Look, it’s no secret that I’m a Habs girl. I’ve loved that team for seven years, rooted for them, pulled for them in the postseason. And I love Souray, really – alleged wife-beating...aside - but he’s not our guy. I know those offensive numbers are pretty, but think of them as a piece of tin foil to a bird...shiny, distracting, but poisonous.

Yes, the guy can score. Yes, he has a wicked point shot. Yes, he’s setting records in power play points. everyone forgetting he’s supposed to be a defenseman?

He has 24 goals and 36 assists...and he’s a -22. Incidentally, that sparkling +/- puts him 293rd in the league, out of 296 total defensemen. Know who he beat out? Rob Blake in LA and two Flyers, Joni Pitkanen and Derian Hatcher. Now that’s some good company. Oh, and by the way, Pothier, Erskine, Eminger and Clymer all have better +/- ratings than Souray. Now there's something to chew on...

I know there are people out there saying, but he scores goals. The Caps can always use goal-scorers, right?

Not at the expense of defensive responsibility, especially on a blue line that is already one of the thinnest in the league. Not if he takes stupid penalties and can’t pass to save his life. And certainly not at the price Souray will be looking for, rumored to be in Chara country – around $7 million a season. There is a way to be defensively responsible and still produce offense. Look at the top ten +/- defensemen in the league right now. Every single one of them has at least 15 points, some have more. In the case of Lidstrom, a lot more.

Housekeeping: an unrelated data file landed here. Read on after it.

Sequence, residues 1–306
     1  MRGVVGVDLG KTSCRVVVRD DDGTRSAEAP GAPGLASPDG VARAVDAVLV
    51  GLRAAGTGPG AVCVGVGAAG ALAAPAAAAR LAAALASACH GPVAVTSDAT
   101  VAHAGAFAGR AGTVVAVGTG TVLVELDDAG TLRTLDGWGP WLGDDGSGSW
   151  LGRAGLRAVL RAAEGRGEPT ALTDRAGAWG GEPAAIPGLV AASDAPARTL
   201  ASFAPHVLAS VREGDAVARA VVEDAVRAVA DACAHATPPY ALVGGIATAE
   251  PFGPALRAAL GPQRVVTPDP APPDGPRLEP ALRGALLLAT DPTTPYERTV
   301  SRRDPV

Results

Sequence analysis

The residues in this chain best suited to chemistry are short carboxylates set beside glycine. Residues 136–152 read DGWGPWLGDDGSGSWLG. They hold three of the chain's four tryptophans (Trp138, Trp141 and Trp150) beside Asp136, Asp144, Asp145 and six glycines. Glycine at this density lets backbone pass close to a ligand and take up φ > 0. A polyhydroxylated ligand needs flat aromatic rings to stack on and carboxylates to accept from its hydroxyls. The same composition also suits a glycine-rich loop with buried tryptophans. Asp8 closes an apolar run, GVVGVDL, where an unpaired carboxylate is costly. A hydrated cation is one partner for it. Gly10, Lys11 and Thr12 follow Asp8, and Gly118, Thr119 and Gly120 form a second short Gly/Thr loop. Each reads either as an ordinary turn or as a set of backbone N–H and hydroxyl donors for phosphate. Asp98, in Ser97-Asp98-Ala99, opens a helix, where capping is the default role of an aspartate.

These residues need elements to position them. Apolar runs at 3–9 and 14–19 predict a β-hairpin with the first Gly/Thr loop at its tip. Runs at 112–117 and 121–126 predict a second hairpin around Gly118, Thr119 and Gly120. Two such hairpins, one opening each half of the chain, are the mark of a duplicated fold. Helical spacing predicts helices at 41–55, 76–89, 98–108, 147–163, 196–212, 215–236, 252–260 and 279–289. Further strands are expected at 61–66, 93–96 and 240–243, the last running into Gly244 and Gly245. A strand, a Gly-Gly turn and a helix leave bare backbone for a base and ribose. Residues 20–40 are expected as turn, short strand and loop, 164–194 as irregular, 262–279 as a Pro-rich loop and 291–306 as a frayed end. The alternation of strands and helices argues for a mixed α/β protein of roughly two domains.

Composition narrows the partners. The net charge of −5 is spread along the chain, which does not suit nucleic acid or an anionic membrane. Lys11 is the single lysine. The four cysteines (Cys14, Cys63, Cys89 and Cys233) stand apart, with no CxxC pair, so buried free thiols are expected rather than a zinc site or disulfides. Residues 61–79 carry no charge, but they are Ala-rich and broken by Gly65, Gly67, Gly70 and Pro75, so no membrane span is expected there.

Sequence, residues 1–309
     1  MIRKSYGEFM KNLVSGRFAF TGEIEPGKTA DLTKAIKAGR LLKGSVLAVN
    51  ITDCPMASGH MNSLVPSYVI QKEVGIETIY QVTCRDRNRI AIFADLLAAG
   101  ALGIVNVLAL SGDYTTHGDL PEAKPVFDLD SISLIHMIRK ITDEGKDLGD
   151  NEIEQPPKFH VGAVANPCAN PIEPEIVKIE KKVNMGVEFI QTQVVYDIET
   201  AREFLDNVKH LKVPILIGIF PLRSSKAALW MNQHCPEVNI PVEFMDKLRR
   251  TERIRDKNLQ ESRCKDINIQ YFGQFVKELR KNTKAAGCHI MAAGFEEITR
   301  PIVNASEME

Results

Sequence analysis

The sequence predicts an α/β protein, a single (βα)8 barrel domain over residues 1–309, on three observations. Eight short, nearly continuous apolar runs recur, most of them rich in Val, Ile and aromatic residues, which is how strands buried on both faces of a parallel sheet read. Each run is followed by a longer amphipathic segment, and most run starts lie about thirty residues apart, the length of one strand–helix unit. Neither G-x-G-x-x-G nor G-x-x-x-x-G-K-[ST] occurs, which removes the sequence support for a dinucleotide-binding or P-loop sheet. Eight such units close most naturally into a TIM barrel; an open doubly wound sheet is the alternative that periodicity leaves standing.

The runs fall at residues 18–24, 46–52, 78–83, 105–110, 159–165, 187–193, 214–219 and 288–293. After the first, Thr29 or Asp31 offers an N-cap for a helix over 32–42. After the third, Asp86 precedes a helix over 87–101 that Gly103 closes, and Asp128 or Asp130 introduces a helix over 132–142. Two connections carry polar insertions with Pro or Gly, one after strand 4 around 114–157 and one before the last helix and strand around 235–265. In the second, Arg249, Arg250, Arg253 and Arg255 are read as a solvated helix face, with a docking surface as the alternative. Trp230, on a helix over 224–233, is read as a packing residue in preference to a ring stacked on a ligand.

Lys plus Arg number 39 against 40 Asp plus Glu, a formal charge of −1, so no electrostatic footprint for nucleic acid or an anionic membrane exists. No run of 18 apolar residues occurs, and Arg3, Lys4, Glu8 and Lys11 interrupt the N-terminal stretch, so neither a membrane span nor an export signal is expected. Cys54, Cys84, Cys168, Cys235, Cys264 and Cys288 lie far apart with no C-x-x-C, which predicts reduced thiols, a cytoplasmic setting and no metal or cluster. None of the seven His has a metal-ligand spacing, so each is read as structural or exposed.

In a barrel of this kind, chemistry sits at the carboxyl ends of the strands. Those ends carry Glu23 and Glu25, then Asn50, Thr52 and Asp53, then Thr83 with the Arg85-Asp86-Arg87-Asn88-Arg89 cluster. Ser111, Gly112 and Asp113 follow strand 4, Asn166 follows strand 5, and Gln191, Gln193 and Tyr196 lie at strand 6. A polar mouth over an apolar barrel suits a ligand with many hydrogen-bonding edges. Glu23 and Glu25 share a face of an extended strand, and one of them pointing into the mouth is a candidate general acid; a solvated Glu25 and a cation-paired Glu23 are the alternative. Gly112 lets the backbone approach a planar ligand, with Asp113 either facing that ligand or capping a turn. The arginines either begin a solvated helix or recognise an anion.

+/- isn’t everything, I know that. It is but one stat in the long list of numbers maintained by the league, some of which are meaningless, others which are open for interpretation. And if the other Montreal defensemen’s numbers looked like Souray’s, I might be willing to budge on this. But the Habs have 8 defensemen on their roster, and the closest guy to Souray is Janne Niinimaa with -10. He’s only played roughly half the games this season...and there’s a reason. Mike Komisarek, on the other hand, is a +7. And he’s routinely pitted against the other team’s top line, like on Ovechkin the other night. So is Markov, +2 – with 47 points to boot.

I just think the Caps should be looking for someone who can not only pick up some offensive slack but maybe also teach our young defensemen how to, I don’t know, PLAY DEFENSE?!